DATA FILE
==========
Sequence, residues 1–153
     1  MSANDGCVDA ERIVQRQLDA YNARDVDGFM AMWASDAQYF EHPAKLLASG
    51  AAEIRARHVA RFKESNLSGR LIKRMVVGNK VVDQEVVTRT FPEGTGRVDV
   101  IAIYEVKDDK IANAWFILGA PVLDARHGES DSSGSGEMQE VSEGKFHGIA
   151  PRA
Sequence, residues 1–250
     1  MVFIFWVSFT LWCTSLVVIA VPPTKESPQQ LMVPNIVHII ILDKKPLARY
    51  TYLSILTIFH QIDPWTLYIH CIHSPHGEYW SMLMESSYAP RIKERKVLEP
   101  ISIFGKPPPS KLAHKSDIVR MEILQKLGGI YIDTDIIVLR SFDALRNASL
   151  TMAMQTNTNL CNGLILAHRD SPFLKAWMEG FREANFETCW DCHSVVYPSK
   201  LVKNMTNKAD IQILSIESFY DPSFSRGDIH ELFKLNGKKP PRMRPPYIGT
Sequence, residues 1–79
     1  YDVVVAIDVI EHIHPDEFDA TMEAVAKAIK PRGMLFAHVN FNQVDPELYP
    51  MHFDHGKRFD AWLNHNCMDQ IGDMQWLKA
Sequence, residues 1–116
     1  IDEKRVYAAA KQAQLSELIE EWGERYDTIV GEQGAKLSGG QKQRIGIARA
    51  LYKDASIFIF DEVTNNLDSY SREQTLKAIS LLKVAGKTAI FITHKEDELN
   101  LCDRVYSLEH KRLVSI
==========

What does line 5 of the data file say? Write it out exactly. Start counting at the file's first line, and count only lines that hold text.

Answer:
   151  PRA